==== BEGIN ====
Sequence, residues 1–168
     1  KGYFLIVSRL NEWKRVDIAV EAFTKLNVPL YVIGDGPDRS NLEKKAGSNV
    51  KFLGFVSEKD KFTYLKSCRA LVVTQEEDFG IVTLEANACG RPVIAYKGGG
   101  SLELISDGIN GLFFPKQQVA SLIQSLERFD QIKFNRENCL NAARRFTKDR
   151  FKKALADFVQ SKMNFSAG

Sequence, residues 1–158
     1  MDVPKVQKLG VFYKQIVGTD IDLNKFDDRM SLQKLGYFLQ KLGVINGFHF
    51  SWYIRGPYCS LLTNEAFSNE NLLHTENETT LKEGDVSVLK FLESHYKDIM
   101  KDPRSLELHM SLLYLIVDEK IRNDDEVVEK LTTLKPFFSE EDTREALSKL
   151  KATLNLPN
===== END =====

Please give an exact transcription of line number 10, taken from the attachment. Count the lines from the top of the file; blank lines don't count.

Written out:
   151  KATLNLPN